Month: December 2017

Behind the Headline: In D.C., A Radical Shift in Parent Involvement by Education Next

On Top of the News In D.C., A Radical Shift in Parent Involvement The Boston Globe | 3/28/2016 Behind the Headline Teacher Home Visits Education Next | Summer 2016 Stanton Elementary School teacher Sheryl Garner (right) on a home visit with the Colbert family In the Boston Globe, Michael Levenson describes how schools in Washington, D.C. are trying to involve parents in their c...

EdNext Podcast: Will Open Educational Resources Disrupt the Textbook Industry? – by Education Next

Teachers can now access a wealth of free resources online—from one image to a whole curriculum. But the growing reliance on open educational resources raises questions—who will produce them, how will they be compensated, how will educators be able to find the best ones, and how will all this affect the market for textbooks?   In this episode, Marty West talks with Michael McSh...

Can Civil Rights Institutions Keep Up as Public Education Evolves? – by Robin J. Lake

The NAACP’s resolution to oppose charter schools left thousands of black families whose children attend charter schools stunned. How could such a revered institution fail to recognize their beliefs and interests? Organizations like NAACP have earned our trust and respect. Decades of fighting on behalf of the powerless have given them good standing among politicians, media, and ...

Proposed ESSA Regulations Limit States on Accountability by Michael J. Petrilli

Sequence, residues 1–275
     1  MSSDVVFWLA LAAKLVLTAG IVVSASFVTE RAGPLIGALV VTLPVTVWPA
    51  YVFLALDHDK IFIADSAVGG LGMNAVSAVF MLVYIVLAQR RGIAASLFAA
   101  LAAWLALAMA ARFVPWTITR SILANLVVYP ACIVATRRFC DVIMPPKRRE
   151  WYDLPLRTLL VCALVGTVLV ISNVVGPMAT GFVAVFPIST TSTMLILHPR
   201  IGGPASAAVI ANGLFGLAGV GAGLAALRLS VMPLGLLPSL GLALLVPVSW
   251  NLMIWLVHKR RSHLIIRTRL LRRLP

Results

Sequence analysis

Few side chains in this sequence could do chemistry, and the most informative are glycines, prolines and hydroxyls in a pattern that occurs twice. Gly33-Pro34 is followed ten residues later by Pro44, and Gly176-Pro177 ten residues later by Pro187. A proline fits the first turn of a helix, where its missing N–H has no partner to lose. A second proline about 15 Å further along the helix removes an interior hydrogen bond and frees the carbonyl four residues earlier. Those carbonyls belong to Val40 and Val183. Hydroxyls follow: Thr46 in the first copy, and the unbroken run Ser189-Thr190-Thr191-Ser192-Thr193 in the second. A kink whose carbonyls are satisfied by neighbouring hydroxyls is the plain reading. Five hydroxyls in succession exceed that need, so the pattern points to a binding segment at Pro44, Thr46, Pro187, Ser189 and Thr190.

As everyone knows, the Department of Education released its latest package of proposed regulations today. Among other issues, this round addresses the heart of the Every Student Succeeds Act: its accountability provisions. The law, as you may recall, represented a major departure from No Child Left Behind, sending significant authority back to the states. It didn’t give them ca...

Open Educational Resources – by Michael Q. McShane

When Lois Griffin runs for school board in the animated television comedy Family Guy, she stumps on a platform of “competent teachers, a better-funded music department, and updated textbooks that don’t refer to the Civil Rights Movement as ‘trouble ahead.’” Perpetually outdated, inordinately expensive, and a pain to lug around, textbooks have been the bête noire of educators an...

What You Need to Know about ED’s Proposed Rule on Title I Supplement-Not-Supplant – by Nora Gordon

Whether the Department of Education is able to finalize its proposed rule on a change to a fiscal rule in the Every Student Succeeds Act (ESSA) will have sweeping effects for all students in the United States. The change was supposed to be straightforward, yet this has not been the case. Guests take pictures of the Every Student Succeeds Act after U.S. President Barack Obama si...

Why Charters Will Lose in Massachusetts – by Jay P. Greene

Massachusetts voters will be deciding in a few weeks whether to expand charter schools in the state. By all rights, the measure should be winning by a landslide.  Rigorous evaluations of existing Boston charters show large test score gains.  Charter supporters are spending millions to blanket the airwaves with ads. And following what appears to be the new ed reform ideal model,...

Charter Schools: Where They Work, Where They Don’t by Chester E. Finn, Jr.

Supporting charter schools requires tough love. It isn’t enough to create them and let kids attend them. They also need to be run with integrity; their books need to balance; their pupils must be safe; and above all, their academic achievement has to be strong, especially when gauged by student growth. Some of America’s highest-achieving schools are charters, but so are some of...

The Top 10 RHSU Columns of 2017 – by Frederick Hess

Well, 2017 is about to go in the books, and that’s okay by me. It’s been a bizarre, overheated year, and I’m more than ready to give 2018 a shot. Before we do, though, it’s worth taking one last look at the year just past—at the good, the bad, and the ugly of 2017. In that spirit, my uber-RAs Amy Cummings and Grant Addison and I sat down to comb the 2017 RHSU archives and flag ...